The stronger you get in your business, the more your competition will be using you as their standard – their benchmark. So on today’s stage 46, we are going to focus on Benchmarking your Competition. We know that your competition is watching your every move.

Let’s take a simple, methodical approach to benchmarking. We don’t want to make this too complicated. We want our insights to be clear so that we can easily translate them into action items for our next plan update.

To make this more complete and more interesting, I would suggest you enlist some of your team members in this process. The investigative and research work will be both interesting and thought-provoking for them as well as for you.

Your Profit Tip of the Day 

Here is a 5 Step Process to help you Benchmark your Competition:

  • First, write down the top 5 or 6 competitors in your marketplace today. These will likely be businesses that are very similar to yours but may also include businesses that provide alternative services or newly introduced products or services that you see as potential threats to your existing business. This will become your target list for benchmarking activities.
  • Second, dedicate 30-45 minutes to each competitor and spend time researching their business online. Look at their website, make notes or print screen copies of their individual webpages. Collect ads or flyers to get an idea of the offers they are making. See what are they sharing with their customers and prospects.

View their Social Media accounts (Facebook, Linkedin, Instagram, Twitter) to see how they are positioning themselves in the marketplace. What are they reading, who are they connected with, what groups do they follow, what credentials are they promoting, etc. Build a file on each competitor with the major messages that they are sending to prospects.

  • Third, build a SWOT analysis sheet for each of your competitors. We did this exercise back in Stage 8. You can easily refer back to the work you did there as a sample of a SWOT. Remember, SWOT stands for Strengths, Weaknesses, Opportunities and Threats. You want to outline what the strengths, weaknesses, opportunities and threats are for each of your competitors. The more data you have collected, the better your SWOT analysis will be.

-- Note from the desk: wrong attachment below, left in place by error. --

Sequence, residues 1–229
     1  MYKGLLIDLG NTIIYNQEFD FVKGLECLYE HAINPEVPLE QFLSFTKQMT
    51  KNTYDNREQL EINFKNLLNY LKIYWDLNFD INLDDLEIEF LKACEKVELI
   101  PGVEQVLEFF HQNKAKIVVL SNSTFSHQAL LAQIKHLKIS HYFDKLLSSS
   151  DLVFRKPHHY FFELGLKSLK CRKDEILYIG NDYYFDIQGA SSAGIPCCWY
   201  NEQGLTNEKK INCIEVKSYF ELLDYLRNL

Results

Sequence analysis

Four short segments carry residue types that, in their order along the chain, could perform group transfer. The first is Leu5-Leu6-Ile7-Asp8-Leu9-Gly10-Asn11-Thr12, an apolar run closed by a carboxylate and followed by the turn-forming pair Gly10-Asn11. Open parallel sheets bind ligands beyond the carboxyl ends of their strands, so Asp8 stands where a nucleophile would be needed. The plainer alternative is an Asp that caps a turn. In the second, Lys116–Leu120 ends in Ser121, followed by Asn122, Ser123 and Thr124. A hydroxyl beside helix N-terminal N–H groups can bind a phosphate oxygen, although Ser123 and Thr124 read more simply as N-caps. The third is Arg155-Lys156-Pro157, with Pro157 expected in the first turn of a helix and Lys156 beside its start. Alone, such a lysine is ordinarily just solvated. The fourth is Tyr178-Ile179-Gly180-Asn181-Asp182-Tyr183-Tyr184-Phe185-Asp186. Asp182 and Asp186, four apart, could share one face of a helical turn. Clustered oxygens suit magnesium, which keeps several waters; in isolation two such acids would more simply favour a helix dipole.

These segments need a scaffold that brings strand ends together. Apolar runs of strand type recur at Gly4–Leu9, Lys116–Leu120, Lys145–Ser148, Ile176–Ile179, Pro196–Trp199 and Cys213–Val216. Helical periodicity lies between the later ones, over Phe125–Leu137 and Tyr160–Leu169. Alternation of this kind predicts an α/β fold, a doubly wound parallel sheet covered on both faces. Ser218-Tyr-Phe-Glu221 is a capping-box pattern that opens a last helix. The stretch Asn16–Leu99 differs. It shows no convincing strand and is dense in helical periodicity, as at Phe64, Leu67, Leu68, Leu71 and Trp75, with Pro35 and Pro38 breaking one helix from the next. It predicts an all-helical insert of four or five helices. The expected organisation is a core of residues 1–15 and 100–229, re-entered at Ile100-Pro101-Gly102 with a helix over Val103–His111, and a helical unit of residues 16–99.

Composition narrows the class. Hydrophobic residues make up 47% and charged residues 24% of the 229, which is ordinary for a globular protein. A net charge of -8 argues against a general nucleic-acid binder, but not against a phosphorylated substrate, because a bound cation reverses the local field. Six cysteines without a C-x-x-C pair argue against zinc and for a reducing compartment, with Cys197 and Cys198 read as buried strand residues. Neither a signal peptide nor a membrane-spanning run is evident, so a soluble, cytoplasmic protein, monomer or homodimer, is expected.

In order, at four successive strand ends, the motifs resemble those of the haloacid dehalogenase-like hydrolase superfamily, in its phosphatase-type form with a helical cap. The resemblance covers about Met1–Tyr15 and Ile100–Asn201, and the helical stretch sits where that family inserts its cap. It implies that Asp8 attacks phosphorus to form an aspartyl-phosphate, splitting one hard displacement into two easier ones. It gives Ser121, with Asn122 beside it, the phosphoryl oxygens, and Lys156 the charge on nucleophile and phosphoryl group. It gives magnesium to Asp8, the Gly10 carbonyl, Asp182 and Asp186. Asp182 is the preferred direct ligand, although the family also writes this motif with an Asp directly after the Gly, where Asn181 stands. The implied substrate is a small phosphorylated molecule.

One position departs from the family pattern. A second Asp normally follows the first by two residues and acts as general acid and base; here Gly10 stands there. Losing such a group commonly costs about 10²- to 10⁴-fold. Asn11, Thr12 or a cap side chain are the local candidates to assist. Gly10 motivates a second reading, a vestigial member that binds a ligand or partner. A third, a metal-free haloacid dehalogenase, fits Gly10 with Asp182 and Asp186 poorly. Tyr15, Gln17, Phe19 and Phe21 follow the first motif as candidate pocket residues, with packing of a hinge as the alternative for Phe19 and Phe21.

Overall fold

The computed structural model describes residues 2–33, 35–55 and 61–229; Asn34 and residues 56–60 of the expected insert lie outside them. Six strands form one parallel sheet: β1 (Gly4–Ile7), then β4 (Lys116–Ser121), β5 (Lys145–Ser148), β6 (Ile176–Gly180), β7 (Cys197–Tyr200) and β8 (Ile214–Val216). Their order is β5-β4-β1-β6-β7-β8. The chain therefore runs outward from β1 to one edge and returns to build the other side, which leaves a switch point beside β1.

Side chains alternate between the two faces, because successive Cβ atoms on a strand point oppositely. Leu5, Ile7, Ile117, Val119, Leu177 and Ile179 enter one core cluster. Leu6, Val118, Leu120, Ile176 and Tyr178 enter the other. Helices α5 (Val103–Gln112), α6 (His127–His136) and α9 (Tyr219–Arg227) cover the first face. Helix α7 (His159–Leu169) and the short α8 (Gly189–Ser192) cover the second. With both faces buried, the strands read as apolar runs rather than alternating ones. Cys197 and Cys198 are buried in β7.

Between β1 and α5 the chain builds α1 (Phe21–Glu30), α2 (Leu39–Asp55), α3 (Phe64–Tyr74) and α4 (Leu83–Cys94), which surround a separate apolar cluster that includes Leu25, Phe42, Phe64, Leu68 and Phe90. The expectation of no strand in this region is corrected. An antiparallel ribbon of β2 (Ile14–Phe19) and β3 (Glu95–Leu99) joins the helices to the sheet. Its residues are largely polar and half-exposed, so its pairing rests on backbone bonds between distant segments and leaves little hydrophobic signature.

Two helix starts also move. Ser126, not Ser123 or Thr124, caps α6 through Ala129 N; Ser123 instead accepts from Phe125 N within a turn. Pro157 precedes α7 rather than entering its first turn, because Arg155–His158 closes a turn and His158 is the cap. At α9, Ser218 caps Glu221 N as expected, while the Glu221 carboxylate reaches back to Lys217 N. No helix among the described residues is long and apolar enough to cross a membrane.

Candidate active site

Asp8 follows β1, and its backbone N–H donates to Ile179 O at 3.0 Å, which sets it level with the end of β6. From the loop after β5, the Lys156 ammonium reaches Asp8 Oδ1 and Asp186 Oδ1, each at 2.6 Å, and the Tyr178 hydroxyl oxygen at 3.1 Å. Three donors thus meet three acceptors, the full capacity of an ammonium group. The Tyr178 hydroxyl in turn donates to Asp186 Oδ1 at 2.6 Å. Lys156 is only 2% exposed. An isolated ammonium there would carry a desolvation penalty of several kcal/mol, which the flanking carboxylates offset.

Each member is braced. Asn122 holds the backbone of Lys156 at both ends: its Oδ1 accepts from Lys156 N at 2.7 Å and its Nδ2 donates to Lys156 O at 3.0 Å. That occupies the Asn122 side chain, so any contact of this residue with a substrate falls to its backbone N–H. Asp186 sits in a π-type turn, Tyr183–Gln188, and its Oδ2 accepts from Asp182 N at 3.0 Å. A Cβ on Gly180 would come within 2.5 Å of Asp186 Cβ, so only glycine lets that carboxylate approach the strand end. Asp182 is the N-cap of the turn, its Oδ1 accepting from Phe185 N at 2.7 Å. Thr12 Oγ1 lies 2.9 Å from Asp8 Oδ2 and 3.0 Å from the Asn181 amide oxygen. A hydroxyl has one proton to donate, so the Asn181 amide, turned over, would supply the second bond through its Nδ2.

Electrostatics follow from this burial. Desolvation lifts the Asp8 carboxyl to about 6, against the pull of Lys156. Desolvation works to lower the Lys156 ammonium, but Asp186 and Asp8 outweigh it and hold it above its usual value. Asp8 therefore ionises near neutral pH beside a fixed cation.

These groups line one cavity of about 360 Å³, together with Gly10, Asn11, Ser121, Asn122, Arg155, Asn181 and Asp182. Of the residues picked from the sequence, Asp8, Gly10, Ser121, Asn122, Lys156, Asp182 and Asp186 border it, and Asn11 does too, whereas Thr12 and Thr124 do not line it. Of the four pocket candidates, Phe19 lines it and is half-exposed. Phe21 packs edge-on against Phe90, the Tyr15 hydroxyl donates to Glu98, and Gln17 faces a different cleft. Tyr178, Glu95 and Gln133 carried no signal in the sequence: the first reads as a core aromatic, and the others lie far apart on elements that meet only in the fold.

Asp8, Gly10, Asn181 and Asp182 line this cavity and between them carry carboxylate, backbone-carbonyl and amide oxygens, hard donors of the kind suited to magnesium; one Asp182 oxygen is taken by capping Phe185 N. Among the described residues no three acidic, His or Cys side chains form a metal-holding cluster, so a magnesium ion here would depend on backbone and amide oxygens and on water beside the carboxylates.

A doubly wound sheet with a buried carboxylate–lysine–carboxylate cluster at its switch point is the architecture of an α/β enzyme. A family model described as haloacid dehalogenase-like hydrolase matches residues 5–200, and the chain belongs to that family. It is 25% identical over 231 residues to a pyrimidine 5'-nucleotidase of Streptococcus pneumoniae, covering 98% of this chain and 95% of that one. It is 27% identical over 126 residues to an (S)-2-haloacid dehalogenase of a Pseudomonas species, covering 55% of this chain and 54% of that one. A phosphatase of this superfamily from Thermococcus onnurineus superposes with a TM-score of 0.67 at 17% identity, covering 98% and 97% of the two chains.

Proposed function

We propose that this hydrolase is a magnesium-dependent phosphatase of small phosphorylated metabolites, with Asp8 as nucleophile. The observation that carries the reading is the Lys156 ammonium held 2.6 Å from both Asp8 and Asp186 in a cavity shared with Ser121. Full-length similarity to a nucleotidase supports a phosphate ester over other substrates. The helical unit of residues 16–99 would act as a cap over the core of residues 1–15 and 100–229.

• Fourth, hold a review session with everyone involved in the data collection. Bring each of the SWOT analysis sheets to the meeting and post them on a wall. Review them side-by-side and look for patterns, trends, similarities and uniquely different approaches. Capture your findings on a flipchart. What do you see when you look at your competition side by side? Who looks to be the competitor with the greatest momentum? Who is trying to change the way the game is being played?
  • Fifth, identify your SWOT as it compares with your major competitors. You will need to be brutally honest with yourself for this part of the exercise. Don’t sugar coat what you’re good at and where you need to improve. Do this well and you will identify the critical areas of your business where you need to focus attention and get better.

Now is not the time to make decisions for next year. This is simply gathering and analyzing data. Next, we will engage our current customers and get their inputs on your business.

Once we have their inputs to consider, then we can begin building a plan. Don’t try to come to a quick decision. We want to have multiple views to consider before we build our plan. Nice job collecting the competitive insights.

If you’re looking for more success and freedom from your business, join my FREE, private Facebook Group called The Peloton. It’s where business owners like you are learning, sharing and working together to get better every day! Here’s the link:

Come on – join us! And remember, whatever you do, RIDE HARD!


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